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SportsTV Production Cover Story: Riedel Gives Red Bull Air Races Wiiings!!

The Red Bull Air Race World Series—the world’s first air motorsport competition and the epitome of aerobatic flying—recently wrapped up in San Francisco during the San Francisco Fleetweek Airshow, following a demanding seven-race schedule that spanned seven months, three continents and a communications system that not only handled intercom audio, but video and data as well.

When one thinks of intercom systems, one typically thinks of plain, old fashioned audio. But intercom systems have come a long way with the help of digital technology. Germany-based Riedel Communications is at the forefront of such innovation and its rental division was tasked with providing all radio, communications and the IT infrastructure for the entire series.

For venue communications, Riedel installed a digital trunked radio system with more than 200 digital radios which were seamlessly tied with the intercom installation.

In addition to the communications infrastructure, Riedel also provided the IT infrastructure for both the organizing committee and the press center. This included Internet access, servers, firewalls, wireless LAN and video transmission to the Internet.

The Race Is On

The races are best described as a Formula 1 slalom in the air. The “track” was a rectangle approximately 5,600 by 1,300 feet, with several gates formed from air-filled pylons marking the track. The width of the gates, which collapse if hit by a plane, measure less than 45 feet. The pilots were required to complete the course as quickly as possible while flying approximately 65 feet above the ground at speeds of up to 280 mph. In addition, they had to perform several aerobatic feats and were penalized for missing gates and for errors. The pilot who completes the course in the fastest time while performing the correct figures and gate crossings is the winner.

Riedel’s history with Red Bull goes back a few years ago to when Red Bull did a big show in Austria and Riedel was hired as a sub-contractor with its Artist intercom system and hundreds of radios.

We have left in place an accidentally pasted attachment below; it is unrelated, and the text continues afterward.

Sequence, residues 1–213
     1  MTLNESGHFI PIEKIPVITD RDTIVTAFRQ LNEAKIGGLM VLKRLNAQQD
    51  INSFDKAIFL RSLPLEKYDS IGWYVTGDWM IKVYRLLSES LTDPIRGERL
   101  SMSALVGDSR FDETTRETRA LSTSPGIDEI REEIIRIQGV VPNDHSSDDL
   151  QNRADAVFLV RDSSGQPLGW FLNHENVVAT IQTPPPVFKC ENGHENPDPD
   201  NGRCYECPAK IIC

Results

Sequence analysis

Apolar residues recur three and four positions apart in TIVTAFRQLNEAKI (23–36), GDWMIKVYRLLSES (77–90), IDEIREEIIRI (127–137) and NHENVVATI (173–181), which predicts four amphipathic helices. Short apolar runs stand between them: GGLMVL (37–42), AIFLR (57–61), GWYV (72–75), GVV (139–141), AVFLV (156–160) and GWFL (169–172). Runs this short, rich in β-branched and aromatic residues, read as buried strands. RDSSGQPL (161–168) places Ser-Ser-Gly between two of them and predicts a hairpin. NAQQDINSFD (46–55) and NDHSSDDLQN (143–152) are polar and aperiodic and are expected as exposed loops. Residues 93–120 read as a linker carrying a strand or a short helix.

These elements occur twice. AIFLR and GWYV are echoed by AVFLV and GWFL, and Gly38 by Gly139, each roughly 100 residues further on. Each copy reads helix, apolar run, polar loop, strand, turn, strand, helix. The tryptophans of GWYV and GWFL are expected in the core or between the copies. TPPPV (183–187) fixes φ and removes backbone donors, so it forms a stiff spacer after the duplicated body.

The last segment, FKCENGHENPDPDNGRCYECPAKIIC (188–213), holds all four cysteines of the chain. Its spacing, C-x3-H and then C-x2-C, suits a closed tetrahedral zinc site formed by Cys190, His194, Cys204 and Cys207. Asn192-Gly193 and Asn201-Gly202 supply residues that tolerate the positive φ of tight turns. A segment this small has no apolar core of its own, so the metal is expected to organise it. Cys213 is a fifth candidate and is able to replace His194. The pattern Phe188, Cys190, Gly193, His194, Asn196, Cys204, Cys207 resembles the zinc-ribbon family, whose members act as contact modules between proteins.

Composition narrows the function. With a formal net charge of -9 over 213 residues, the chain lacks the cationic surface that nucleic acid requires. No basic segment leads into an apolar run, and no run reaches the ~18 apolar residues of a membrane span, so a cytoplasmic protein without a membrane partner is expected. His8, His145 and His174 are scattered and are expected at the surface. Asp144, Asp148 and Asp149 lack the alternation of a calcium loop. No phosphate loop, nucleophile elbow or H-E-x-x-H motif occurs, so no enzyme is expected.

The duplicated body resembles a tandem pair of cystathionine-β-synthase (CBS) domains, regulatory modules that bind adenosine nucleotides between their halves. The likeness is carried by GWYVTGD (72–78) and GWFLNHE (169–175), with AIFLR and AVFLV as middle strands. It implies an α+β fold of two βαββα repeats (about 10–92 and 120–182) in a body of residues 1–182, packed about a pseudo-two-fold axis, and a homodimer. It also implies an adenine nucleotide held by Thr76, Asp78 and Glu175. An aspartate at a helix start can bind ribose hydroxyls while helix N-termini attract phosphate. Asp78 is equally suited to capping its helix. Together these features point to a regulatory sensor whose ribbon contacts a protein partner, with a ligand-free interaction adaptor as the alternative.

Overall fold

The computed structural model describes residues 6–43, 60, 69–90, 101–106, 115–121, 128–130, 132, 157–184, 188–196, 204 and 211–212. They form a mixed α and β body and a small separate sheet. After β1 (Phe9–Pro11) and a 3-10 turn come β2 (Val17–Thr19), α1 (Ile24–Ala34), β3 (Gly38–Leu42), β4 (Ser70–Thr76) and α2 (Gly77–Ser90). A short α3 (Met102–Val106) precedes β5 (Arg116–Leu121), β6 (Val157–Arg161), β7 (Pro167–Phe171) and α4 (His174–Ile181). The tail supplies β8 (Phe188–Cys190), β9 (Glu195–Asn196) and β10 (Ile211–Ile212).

“When the Red Bull Air Race World Series came up, the project manager called us and told us about it,” said Thomas Riedel, Managing Director of Riedel Communications. “There are so many people involved and they all need to communicate with a reliable system that works on the spot.”

To insure mission-critical communications, Riedel designed a system that leveraged the best of both wired and wireless communications.
All audio signal distribution throughout the area was engineered with an Artist network consisting of three nodes connected with a dual redundant fiber ring. One frame was installed in the Air Race control tower, one in the TV compound and one in the organization compound. The highly complex installation accommodated all audio signals from radios, 4-wire connections and control key panels. For FOH as well as TV production and the time-keeping system, fiber was installed through the entire harbor area.

Every airport needs a tower and so do air races. The mobile construction was capable of housing up to 250 people on its five levels. On the top was the eagle’s nest—the heart of the digital trunked radio installation. In addition, two massive consoles comprised workplaces for race control, referees and the event organization. These special consoles, connected to the digital intercom matrix with several LCD displays and IT systems, profited from Riedel’s experiences with Formula 1.